The Insightful Troll

Rants and ruminations.

Simplicity Is the Ultimate Sophistication.

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Apple Macintosh

A great interview with BYTE Managing Editor Phil Lemmons and the design team for Apple Computer Inc.’s new Macintosh computer in 1983. I think this is the first time I see Steve Jobs really voicing is key insight that has made Apple a 2 trillion dollar tech behemoth - having excellent hardware foundations is just table stakes, its the software / hardware integration that determines greatness.

And there isn’t any company on the planet that is better at exploiting hardware/software today than Apple.

If you read the Apple’s first brochure, the headline was “Simplicity is the Ultimate Sophistication.” What we meant by that was that when you first attack a problem it seems really simple because you don’t understand it. Then when you start to really understand it, you come up with these very complicated solutions because it’s really hairy. Most people stop there. But a few people keep burning the midnight oil and finally understand the underlying principles of the problem and come up with an elegantly simple solution for it. But very few people go the distance to get there.

One of the things we really learned with Lisa and from looking at what Xerox had done at PARC [Palo Alto Research Center] was that we could construct elegant, simple systems based on just a bit map… no character generators…and save tons of chips if we had software fast enough to paint characters on the screen, given the processor. Apple was the first company to figure out how to do that with a microprocessor…and really still is the only company that’s doing it with a microprocessor. That’s what Bill figured out how to do with Quickdraw.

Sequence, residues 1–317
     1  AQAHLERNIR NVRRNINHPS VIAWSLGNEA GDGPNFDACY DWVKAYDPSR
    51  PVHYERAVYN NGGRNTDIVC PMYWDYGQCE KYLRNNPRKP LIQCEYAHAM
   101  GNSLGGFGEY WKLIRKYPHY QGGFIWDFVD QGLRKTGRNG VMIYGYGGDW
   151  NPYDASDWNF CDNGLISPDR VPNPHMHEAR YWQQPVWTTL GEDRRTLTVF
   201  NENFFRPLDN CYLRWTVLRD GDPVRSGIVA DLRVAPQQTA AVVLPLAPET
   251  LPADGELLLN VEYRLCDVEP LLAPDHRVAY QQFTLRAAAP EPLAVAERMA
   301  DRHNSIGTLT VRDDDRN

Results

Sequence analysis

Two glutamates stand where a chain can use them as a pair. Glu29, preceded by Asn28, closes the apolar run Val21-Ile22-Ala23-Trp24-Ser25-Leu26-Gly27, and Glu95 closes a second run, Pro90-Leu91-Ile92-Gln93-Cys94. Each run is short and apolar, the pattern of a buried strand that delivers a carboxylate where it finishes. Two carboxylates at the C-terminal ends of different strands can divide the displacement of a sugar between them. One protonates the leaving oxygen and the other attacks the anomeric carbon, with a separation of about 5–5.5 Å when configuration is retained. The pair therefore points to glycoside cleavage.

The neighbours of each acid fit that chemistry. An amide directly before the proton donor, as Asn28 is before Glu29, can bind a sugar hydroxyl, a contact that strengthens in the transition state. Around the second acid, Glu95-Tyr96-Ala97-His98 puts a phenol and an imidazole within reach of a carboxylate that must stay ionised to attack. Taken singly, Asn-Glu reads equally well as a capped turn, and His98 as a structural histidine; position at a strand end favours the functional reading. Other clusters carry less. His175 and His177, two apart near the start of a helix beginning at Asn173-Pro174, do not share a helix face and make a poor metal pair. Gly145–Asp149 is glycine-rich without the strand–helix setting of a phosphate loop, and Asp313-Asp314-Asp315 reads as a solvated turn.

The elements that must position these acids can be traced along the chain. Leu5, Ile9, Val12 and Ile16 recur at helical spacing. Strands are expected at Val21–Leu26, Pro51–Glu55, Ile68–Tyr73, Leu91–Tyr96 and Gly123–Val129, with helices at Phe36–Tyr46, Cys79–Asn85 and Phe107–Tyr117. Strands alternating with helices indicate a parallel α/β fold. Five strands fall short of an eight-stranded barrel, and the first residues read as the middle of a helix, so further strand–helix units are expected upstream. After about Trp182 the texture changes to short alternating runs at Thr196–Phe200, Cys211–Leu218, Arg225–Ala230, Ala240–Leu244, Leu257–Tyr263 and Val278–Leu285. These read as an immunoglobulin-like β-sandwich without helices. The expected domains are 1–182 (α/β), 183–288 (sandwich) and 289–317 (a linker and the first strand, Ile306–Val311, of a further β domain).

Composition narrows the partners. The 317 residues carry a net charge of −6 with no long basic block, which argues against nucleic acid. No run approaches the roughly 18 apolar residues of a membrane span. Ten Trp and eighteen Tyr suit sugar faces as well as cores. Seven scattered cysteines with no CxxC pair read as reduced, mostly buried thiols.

The real reason that we chose originally to use the 68000 was so we could pick up Quickdraw. Macintosh uses the exact same graphic structure and package, the exact same code, as Lisa does. So, by paying a little more for the microprocessor, not only were we able to give the customer an infinitely more powerful chip than, say, an 8-bit chip or one of Intel’s baby micros, but we were able to pick up this amazing software, and that allowed us to throw tons of chips out of this thing. We didn’t have to get special custom text or graphics chips. We just simplified the system down to where it’s just a bit map on the screen, just Bill’s amazing software and Burrell’s amazing hardware, then in between that the other amazing software that we have. We tried to do that in every single way, with the disk and with the I/O …rather than slots.

When we first started off with Apple II, the variability— how you customize your machine— was with hardware; you plugged in a card. And because we didn’t have any idea what these computers were going to be used for, that variability was very important. But now we have a much greater understanding of what people are using these products for. And the customization really is mostly software now. The way I customize my machine to do what I want is by sticking in a disk more than anything else.